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How Does VoIP Really Work? by Michael Lemm

VoIP stands for Voice over Internet Protocol. By using a VoIP phone and VoIP technology you can effectively use the internet to make phone calls. VoIP does this by placing the voice calls on network which encrypts the voice in data packets at one end and encrypts it in voice calls at the other end. In VoIP, encryption and decryption is from a analog signal (i.e. your voice call) into digital signal (data packets) and again into the analog signal.

You can make VOIP calls by a regular phone with VOIP adapter or even from your computer using a simple microphone. VoIP applications can generally be used with a simple microphone and computer speakers, but IP telephones or VoIP boxes can also be used, providing an experience identical to normal telephoning. Many VOIP manufacturers are designing phones which are specially meant to work with this technology, called SIP phone, and now extensively used by growing VoIP users.

In the past year, the quality and reliability of VoIP technology has improved to the point that vast numbers of users have abandoned their standard telephone contracts entirely, in favor of VoIP. Local as well as long distance calling is available for VoIP. Rates and plans can vary from one VoIP service provider to another VoIP service provider.

Advantages of using VOIP

Using VOIP you can effectively cut down your phone bills, since you just pay to your regular internet connection and small fees to your VOIP service provider. Setting up conference calls with VOIP is very easy.

You can even set up your own VoIP network and don't need any special equipment like PBX etc. You can call to any local telephone, mobile, long distance number or any international number through VoIP phones. More importantly, the person you are calling by using VoIP technology does not need any special equipment; just a regular telephone.

Many additional features like call forwarding, call tracing, reminders, caller ID are readily available in VoIP Phones. You can even assign a local telephone number to your VOIP phone set, and just need a fast internet connection to use your VOIP service anywhere in the world.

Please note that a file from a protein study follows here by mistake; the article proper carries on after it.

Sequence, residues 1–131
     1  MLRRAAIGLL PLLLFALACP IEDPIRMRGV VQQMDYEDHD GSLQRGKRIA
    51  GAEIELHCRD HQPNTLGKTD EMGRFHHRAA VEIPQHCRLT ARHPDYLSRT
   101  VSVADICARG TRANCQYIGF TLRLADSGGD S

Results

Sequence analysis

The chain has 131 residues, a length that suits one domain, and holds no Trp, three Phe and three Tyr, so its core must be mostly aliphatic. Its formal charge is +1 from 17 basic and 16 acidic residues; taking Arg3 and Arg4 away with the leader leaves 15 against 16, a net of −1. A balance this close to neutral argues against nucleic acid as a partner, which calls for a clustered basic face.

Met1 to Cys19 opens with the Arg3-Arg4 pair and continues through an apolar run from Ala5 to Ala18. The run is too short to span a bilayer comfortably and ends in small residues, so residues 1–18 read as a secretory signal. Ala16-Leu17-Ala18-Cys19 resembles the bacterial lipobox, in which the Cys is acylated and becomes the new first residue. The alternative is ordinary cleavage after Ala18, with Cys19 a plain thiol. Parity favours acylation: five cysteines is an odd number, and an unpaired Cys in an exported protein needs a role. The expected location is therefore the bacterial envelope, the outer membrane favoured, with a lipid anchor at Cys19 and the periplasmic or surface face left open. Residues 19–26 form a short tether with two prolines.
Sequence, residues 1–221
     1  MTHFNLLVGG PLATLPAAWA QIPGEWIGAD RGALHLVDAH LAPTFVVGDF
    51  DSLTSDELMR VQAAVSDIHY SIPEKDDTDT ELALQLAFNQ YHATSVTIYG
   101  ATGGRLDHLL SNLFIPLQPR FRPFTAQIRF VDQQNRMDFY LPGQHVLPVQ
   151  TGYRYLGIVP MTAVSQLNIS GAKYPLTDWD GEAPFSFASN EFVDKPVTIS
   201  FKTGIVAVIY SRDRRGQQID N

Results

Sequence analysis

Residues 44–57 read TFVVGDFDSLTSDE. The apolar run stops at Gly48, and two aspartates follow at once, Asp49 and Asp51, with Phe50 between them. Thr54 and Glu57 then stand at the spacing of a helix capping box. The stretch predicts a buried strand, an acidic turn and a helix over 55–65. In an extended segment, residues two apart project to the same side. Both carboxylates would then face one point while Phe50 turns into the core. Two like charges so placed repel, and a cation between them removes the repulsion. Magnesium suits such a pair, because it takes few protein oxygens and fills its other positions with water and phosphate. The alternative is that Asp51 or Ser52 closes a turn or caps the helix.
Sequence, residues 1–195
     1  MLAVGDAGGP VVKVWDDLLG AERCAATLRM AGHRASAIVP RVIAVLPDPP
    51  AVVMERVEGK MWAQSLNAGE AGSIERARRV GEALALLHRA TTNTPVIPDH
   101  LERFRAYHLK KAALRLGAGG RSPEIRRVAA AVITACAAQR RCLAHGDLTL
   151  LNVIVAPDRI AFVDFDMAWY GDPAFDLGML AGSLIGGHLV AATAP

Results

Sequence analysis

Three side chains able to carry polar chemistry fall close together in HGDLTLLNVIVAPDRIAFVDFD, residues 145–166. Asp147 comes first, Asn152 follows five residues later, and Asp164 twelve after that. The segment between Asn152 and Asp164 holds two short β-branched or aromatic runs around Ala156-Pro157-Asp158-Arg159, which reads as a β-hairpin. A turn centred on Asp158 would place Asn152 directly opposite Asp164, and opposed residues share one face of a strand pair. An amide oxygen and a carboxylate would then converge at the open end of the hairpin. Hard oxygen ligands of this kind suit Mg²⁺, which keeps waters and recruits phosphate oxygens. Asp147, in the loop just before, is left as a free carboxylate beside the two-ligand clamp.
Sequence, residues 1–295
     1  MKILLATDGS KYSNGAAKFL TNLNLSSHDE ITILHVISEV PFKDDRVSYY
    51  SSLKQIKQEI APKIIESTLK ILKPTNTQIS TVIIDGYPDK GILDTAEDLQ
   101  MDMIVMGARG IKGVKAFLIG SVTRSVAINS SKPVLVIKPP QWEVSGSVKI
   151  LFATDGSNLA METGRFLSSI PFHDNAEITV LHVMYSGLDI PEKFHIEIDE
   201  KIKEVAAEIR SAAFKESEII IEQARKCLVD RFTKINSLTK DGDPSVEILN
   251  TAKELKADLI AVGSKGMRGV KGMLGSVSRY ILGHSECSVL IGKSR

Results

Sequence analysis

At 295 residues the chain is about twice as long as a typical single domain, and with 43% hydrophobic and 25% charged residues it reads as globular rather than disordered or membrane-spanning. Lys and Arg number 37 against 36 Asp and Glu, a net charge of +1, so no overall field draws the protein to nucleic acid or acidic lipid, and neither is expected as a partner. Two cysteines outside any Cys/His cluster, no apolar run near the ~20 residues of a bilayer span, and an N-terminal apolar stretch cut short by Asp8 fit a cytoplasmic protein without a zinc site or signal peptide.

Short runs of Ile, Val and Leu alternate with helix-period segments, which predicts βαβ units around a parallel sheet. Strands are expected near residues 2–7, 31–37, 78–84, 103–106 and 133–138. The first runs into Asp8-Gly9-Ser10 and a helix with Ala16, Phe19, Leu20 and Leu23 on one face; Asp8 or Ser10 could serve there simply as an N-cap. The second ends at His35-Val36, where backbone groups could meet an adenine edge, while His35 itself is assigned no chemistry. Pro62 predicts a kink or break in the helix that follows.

VoIP Dilemma

VoIP applications and services require data transfer in real time. During a call an interactive data voice exchange takes place. Unfortunately, TCP/IP is not well suited for this purpose. Sometimes you have to wait for a few seconds, to hear the other side answering. But with recent developments streaming the flow of voice signals has improved. PC-to-PC and PC-to-phone calling quality is still not as sharp as regular PSTN calls. However, with SIP phones and a reliable high speed internet connection there is little or no difference....and sometimes the quality is even better.

SIP Phones

SIP Phones are the phones which are specifically designed to work as VOIP phones. SIP phone can be considered as a network endpoint routing voice via its IP address. This allows a DID (direct inward dialing) number to move with a user. With SIP phones you can use advanced features like voice mail to email etc. Using a SIP phone also closely resembles a regular analog phone in look, feel, function, and ease of use.

FCC and VoIP

The Federal Communications Commission (FCC) regulates VOIP Services in the USA. They are in charge to create and promote telecommnuication regulations....such as VOIP services....to benefit consumers. In November, 2004 FCC ruled that individual States do not have the jurisdiction to impose taxes on VoIP services, which made the cost of VOIP services even more attractive in relation to standard PSTN phone services.

About the Author

Michael is the owner of FreedomFire Communications....including Business-VoIP-Solution.com. Michael also authors Broadband Nation where you're always welcome to drop in and catch up on the latest BroadBand news, tips, resources, and insights.